Part 1 of a two-part series, features Yale University Professor Amy Chua, the author of multiple books including “Political Tribes: Group Instinct And The Fate Of Nations” and “Battle Hymn of the Tiger Mother.” Chua dissects the current meaning of the word “tribalism” as it related to Politics and other dimensions of our world today. She also reveals the historic and other significant cultural factors that impact how people around the world view the involvement of the United States and other state actors in global disagreements.
Chua describes a tribal issue she’s observed develop at Yale, where students are actually splintering into more niche groups instead of assimilating and becoming more diverse. Because Chua wants to create more space and opportunities for in-depth conversations, she has developed a number of practices she implements into her own classroom. She describes these in detail and discloses the results she has received.
One of the premises of her book “Political Tribalism” relates to the polarized ways of thinking Americans in different parts of the U.S. have from each other. This sometimes stems from geographical locations, economic differences, social stratification, geographic-based political evolution, and educational disparities. A possible solution she offers to solve this growing gap is the concept of implementing one year of mandatory national service for high school graduates. This could entail traveling to a part of the country that is very different than where students grew up. They would work together with other students, including many from the target locale, to build relationships and create greater cultural understanding within our own country while they worked on a service project which made a contribution to the community.
Professor Chua goes beyond our borders to address the significance of tribalism and actual tribes in the Middle East. She posits that part of the issue regarding U.S. failures in our involvement in the Middle East, stems from our distinctly American way of thinking in “national” terms, rather than in the more regional nature of the area. She emphasizes the regions consist of multiple tribes and each tribe has its own way of viewing and thinking about its own culture.
Despite what some past and current leaders may believe in terms of “nation building” and bringing the blessings of Democracy to the masses of the Middle East, Democracy is not a panacea. She asserts, as we’ve seen in the Middle East among other areas of the world, the forced implementation of Democracy rarely works and, in fact actually can catalyze ethnic tensions, hence, worsening the situation in a given country.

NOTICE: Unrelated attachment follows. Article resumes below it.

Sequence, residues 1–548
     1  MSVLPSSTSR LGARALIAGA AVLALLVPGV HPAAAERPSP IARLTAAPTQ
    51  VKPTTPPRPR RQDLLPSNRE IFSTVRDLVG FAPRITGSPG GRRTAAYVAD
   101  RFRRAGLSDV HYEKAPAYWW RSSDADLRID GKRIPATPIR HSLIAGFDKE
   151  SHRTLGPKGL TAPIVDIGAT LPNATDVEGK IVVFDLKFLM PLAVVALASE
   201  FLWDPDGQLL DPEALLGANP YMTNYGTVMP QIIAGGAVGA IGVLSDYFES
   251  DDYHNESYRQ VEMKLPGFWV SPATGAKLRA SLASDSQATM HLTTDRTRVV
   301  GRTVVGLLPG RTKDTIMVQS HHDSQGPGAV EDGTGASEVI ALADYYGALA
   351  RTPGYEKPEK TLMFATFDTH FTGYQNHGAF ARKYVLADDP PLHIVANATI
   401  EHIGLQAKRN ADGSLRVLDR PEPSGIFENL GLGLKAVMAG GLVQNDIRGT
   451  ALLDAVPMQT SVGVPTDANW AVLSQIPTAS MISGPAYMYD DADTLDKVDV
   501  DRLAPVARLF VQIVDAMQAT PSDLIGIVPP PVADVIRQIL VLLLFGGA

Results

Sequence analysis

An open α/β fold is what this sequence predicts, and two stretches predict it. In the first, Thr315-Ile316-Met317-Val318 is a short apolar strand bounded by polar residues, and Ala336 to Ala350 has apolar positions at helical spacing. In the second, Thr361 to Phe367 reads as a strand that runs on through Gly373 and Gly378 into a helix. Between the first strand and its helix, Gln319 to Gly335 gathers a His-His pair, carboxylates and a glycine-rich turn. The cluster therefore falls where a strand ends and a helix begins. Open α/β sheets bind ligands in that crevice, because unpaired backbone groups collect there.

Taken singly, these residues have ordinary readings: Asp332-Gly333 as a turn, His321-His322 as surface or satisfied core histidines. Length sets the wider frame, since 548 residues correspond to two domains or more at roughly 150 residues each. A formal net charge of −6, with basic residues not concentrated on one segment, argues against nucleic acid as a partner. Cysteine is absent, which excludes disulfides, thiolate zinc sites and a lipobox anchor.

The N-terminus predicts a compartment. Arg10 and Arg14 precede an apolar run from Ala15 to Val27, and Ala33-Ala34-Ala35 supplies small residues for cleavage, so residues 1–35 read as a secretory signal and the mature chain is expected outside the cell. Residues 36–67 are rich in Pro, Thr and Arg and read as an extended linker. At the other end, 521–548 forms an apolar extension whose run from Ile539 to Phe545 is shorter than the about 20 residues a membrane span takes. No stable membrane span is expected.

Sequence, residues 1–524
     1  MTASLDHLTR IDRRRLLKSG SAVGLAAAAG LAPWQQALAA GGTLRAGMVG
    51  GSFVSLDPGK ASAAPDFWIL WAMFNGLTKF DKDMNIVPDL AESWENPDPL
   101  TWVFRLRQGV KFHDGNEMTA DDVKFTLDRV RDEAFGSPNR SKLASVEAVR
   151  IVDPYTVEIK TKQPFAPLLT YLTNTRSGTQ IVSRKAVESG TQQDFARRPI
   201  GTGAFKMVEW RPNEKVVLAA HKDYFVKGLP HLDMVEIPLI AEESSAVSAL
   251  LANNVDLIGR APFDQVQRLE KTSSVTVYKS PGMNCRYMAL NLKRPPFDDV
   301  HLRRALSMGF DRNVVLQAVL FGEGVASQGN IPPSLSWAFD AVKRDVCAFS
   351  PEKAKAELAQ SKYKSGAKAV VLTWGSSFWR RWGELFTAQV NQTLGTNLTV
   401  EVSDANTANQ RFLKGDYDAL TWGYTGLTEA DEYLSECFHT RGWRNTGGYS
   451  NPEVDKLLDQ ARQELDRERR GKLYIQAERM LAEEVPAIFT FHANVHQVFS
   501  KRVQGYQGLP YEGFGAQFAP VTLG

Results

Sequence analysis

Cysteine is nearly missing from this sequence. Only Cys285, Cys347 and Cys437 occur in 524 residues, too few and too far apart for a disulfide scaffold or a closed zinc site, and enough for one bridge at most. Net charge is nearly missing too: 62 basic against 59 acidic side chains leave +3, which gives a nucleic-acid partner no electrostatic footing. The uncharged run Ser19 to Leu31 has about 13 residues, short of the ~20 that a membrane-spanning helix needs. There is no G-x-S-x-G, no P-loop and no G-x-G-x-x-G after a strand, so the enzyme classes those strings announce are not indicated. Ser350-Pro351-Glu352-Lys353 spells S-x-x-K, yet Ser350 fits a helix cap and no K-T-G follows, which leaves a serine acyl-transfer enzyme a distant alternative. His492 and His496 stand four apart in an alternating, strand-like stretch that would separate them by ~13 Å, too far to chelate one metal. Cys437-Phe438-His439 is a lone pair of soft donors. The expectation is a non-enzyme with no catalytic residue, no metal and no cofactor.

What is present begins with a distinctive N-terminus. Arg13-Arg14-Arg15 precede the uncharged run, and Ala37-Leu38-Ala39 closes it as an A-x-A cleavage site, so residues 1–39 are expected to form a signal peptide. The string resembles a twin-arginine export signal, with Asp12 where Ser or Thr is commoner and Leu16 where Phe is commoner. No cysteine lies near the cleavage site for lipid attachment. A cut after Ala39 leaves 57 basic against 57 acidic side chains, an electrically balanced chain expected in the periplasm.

In Part 2 of a two-part series, Yale University Professor Amy Chua, the author of multiple books including “Political Tribes: Group Instinct And The Fate Of Nations” and “Battle Hymn of the Tiger Mother,” further explores the historical context of natural human instinct, particularly as it relates to tribes.
Chua’s analysis of the conflict in Vietnam is focused on how the country had been colonized by the Chinese for thousands of years before the 20th century dispute in which the United States got involved. The result of America’s blinding paranoia of Communism resulted in our unhelpful and unwanted insertion into the Vietnamese/Chinese conflict when we essentially took the place of the French.
We failed to recognize the power of the desire for independence when the Vietnamese were trying to fight for their independence from the Chinese, and then from the French, and, finally, from the United States. Chua observed how the vacuum we created by our departure from Vietnam allowed for and resulted in ethnic cleansing programs in which thousands of Vietnamese who had stood with us were killed.
Shifting her analysis to Afghanistan, she noted the Taliban was an ethnic Pashtun movement and, once again, the United States, despite its great military might, failed the recognize the power held by those who believed they were fighting for their own land and their own futures as opposed to foreign invaders (first Russia and then the U.S.) attempting to control their country.
Focusing on the impact and evolving use of language, Chua argues the word “Racist” is an overused term because it now is so widely applied and often is used in situations which have little or nothing to actually do with race. She observes that some of our Politically Correct dialogue has gotten so extreme, that it no longer is constructive and can be self-defeating. Chua points out that, in some cases, in our efforts to become more understanding, we’ve actually created more ways to divide ourselves from the “other.”